Bama looks for two in a row in Tiger Stadium

Bear Bryant may be dead, but his playbook isn't.

With second-year head coach Mike Shula calling the shots in Tuscaloosa, Ala., the Alabama Crimson Tide offense looks like it has taken a trip down memory lane to a time when football was football, and a passing game was something that the sissies on the West Coast used because they couldn't figure out how to run the ball.


Welcome to the 2004 edition of the Tide, ladies and gentlemen: leave your modern football notions at the door, and watch where you step – just follow your blockers and you'll be all right.


Heading into the 2004 season, the buzz emanating from Bryant-Denny Stadium was that this Crimson Tide team was one of the most talented in years, but had a critical Achilles heel that could be exposed by any team willing to hit it hard enough in the right place.


No depth.


None whatsoever.


But a funny thing happened on the way to Death Valley. One by one, Alabama players at critical positions found themselves watching the game from the bench, sidelined with injury.


And game by game, the Tide kept winning. And winning. And winning.


It wasn't always pretty, but as any coach will tell you, a win is a win, and in the highly competitive Southeastern Conference, any victory is a precious commodity.


Those victories, six in all, have Alabama bowl eligible as it heads to Baton Rouge to take on the No. 17 LSU Tigers, in a clash the nation will see live on ESPN.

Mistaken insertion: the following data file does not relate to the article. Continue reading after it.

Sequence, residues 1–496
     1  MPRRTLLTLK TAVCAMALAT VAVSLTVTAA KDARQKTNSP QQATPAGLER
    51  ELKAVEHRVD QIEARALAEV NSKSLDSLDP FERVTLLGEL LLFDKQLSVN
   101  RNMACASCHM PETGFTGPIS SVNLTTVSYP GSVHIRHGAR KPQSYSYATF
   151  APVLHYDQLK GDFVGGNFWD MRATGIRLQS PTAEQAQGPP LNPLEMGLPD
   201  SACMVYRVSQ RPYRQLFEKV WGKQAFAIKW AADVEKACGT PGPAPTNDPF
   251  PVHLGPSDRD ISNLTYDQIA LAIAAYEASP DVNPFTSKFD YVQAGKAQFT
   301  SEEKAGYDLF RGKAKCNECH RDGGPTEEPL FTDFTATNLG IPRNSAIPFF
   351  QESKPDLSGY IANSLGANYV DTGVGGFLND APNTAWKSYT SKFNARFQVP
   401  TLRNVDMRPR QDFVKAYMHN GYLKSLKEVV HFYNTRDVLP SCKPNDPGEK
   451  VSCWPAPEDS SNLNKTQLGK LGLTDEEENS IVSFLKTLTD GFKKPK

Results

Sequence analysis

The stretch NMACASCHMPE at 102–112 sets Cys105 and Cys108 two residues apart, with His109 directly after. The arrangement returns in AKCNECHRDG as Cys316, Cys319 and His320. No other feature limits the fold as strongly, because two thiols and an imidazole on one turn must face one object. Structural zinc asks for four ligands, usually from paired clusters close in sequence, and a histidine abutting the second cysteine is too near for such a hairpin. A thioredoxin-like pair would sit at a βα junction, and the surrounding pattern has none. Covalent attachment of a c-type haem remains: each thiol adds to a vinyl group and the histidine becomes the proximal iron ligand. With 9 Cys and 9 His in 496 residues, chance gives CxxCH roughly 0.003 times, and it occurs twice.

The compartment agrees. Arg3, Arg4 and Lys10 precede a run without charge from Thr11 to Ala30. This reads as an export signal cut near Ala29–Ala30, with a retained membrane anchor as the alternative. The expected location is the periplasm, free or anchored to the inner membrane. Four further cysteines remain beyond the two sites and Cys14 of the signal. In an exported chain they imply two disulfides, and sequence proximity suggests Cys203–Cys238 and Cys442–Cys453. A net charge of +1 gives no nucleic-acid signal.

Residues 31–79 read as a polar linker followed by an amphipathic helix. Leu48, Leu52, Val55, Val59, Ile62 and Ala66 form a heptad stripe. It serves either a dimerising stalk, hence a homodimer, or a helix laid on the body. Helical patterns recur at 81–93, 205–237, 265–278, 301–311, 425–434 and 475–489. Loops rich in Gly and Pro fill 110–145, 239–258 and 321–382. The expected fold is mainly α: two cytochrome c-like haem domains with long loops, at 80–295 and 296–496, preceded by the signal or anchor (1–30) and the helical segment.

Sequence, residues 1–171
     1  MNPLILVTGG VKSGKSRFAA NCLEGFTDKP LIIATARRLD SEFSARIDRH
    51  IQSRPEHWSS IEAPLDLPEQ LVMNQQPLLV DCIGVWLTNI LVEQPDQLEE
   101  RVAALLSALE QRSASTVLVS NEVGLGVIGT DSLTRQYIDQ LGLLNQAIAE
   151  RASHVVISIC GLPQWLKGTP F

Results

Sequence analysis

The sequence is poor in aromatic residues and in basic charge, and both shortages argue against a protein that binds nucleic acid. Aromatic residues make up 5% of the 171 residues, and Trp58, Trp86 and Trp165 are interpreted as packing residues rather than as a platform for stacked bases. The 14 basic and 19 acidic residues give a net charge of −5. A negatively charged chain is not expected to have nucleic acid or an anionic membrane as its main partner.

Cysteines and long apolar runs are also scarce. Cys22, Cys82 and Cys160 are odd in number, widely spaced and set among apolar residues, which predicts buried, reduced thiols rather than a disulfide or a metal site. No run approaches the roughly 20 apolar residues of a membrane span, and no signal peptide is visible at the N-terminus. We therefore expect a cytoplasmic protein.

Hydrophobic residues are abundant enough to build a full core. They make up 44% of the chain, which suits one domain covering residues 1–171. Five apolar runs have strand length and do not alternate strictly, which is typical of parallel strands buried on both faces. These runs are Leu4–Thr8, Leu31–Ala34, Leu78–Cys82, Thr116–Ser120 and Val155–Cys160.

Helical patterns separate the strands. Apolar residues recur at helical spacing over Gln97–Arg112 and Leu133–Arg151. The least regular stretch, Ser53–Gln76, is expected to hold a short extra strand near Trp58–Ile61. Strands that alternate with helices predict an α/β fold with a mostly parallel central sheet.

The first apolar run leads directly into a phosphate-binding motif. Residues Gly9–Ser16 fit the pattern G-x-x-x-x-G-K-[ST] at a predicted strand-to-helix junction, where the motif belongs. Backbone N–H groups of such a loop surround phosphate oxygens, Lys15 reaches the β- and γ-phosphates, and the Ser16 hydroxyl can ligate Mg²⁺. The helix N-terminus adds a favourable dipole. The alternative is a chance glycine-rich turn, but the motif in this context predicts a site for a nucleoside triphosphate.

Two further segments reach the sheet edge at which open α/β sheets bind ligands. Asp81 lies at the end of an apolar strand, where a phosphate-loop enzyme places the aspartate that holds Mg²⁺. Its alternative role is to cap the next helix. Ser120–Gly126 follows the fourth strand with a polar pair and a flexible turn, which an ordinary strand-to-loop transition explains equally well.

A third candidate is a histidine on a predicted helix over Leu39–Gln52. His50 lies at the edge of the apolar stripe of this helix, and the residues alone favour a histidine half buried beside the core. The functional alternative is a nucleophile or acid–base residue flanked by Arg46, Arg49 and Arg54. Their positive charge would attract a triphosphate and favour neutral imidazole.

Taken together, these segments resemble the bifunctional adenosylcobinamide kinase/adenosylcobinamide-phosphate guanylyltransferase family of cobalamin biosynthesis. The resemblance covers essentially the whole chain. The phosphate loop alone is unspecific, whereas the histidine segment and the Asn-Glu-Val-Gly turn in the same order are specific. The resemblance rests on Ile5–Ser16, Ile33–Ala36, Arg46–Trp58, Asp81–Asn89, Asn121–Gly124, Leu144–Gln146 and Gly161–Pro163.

But just what will the nation see?


Odds are, they will see Spencer Pennington, formerly the Tide's third-string quarterback, handing the ball off to Kenneth Darby, formerly the third-string tailback. They will then see Darby follow former second-string fullback McLain through a hole in the offensive line created by mammoth first-team All-SEC tackle Wesley Britt. And they will see that play repeated over, and over, and over again, until fans in the stands start wondering how big Shula's playbook really is.


But merely knowing what Alabama will throw at you offensively does not necessarily mean you will be able to stop them. Bear Bryant would readily tell you that, as will the half-dozen teams the Crimson-clad battering ram has defeated so far this season – most recently the Mississippi State Bulldogs, who knocked off the Florida Gators and the Kentucky Wildcats in successive weeks, only to see Darby rush for 150 yards and one touchdown on 19 carries in the first half alone en route to Alabama's bowl-qualifying victory on November 6.


That news should come as sweet relief for LSU fans who have had this date circled on their calendars since before the first bye week. Tiger cornerbacks Corey Webster and Travis Daniels, who have come under fire at times this season for their surprisingly pedestrian play on the field, will not be called upon to work much against the Tide, with the exception of locking down a reverse sweep or two. When Pennington does drop back to pass, however, Webster and Daniels' eyes should light up – the young signal caller is still going through growing pains under center, and has a tendency to complete passes to the other team at an alarming rate, a large reason the running game is once again featured so prominently in the Alabama attack.